- The liner made of very thin leather or a paper leather combination. These liners were deeper than the normal liner and had a split in the back. This split was fixed through the use of a snap. This example has the female end of the snap, but the male end is gone. The liner was laid on to the bell and crimped into the side ridges.
- The front visor made out of thin steel factory issued with a brass visor trim and faux brads on the corners. The faux brads are quite small with the exception of Saxon ones which approximate mormal size. In this example, the maker’s mark is engraved on the inside of front visor. The visor was placed into the ridges on the bell, and then bent down into position, holding the liner in place and the visors securely to the bell. The company was Firma von der Heyden in Berlin who also produced the first 50 metallhelmes for Bavaria.
- The rear visor made out of thin steel factory issued with a rolled steel blackened trim. Just like the front visor the rear visor was inserted in the ridges of the bell. And then bent down, holding the liner in place and fixing the rear visor firmly in place.
- The wappen. Made of brass, with a single tube loop to attach the wappen to the bell. This would allow for easy application through a matched hole in the bell. There is a slightly different system on this one example of a Saxon kit helmet. There are two holes drilled into the chest of this example wappen. It was believed that this might be a post war addition. The holes are too far apart for a landwehr cross. The only state wappen it could support is for Oldenburg. The holes are not even straight. But then this picture showed up:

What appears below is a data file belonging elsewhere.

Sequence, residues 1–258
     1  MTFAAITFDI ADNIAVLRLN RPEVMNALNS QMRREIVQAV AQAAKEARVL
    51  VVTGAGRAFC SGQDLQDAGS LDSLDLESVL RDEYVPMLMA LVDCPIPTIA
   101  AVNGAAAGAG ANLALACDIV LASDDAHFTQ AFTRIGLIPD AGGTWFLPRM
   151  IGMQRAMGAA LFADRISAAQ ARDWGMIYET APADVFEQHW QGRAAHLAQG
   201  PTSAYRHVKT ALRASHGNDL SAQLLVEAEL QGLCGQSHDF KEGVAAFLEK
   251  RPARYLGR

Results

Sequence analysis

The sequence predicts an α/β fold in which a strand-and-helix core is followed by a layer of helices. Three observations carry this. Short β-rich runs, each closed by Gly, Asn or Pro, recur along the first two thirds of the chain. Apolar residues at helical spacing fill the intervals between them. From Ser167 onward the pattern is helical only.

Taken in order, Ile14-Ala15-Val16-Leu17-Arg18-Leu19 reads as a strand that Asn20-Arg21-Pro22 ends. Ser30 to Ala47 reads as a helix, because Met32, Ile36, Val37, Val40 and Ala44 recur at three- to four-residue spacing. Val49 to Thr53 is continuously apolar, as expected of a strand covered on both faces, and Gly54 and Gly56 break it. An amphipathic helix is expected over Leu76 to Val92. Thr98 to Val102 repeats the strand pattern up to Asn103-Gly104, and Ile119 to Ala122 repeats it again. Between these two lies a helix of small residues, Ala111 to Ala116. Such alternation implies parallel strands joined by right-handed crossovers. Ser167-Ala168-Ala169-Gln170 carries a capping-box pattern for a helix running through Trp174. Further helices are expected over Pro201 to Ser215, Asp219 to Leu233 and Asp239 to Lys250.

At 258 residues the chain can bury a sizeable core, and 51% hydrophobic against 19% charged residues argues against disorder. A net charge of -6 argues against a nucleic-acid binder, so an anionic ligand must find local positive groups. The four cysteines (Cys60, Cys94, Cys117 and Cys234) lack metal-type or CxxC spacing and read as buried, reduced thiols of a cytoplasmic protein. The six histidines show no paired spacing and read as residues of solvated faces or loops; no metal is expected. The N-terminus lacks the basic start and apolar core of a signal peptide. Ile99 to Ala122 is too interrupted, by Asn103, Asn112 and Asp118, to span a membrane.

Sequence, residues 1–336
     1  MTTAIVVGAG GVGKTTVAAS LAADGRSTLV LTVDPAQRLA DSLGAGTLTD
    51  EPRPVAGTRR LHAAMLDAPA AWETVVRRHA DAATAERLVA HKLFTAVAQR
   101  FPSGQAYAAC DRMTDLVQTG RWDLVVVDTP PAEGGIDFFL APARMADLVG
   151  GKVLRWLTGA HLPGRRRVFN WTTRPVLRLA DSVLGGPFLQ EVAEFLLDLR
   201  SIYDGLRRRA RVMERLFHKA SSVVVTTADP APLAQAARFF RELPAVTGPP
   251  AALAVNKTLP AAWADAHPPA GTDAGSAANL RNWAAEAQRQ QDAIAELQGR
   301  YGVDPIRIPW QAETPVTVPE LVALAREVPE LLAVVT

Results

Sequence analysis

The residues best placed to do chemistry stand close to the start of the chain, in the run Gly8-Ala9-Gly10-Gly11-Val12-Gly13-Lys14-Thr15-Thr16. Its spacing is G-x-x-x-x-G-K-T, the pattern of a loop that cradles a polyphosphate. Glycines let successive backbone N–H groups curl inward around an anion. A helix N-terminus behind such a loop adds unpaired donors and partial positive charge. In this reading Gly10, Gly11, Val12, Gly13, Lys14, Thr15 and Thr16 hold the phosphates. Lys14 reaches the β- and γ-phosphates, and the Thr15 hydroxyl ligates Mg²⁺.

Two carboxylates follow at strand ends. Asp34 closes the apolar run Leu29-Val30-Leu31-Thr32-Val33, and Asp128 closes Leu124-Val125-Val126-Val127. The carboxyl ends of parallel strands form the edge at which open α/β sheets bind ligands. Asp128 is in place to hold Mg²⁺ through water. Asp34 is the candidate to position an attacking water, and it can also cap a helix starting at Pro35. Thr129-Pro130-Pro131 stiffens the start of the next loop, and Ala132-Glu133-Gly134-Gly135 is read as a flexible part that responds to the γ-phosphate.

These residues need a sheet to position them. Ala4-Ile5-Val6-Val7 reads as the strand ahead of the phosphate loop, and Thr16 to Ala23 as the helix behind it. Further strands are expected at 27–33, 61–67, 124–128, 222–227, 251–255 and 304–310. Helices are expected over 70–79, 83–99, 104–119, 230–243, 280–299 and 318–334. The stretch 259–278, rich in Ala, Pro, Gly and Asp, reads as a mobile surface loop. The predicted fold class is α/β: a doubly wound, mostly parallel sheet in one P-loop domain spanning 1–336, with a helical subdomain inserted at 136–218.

- The spike is made of brass and originally of two pieces joined into one in the factory, the spike and the base. The spike could be turned by hand. The base had faux dome studs. The spike was crimped to the flange on top of the bell.
- A rear spine made of brass with two washers and square nuts for attachment to the bell through the two existing predrilled holes.
10&11 Two cockades in this example, a Prussian one on the left and a Reich’s cockade on the right. 48 mm with large holes and a slot to accept M91 posts.
- A leather two buckle chin strap. This strap has obviously been stretched out to go over someone’s chin, just by pulling.
- A head pad to cushion the head from the bell and the nuts. I do not know what material this is made of. However, it is quite fragile and gives the impression of a cardboard paper. Similar head pad’s are found in the helmets of some cuirassiers to pad the wearer from the metal helmet.
This example has provided a rare match between the soldiers of a very specific Abteilung and a specific type of metal helmet that we know was used in Prussia, Wurttemberg, Bavaria, Saxony and Baden. I’m sure there are errors in this but it is a fun explanation!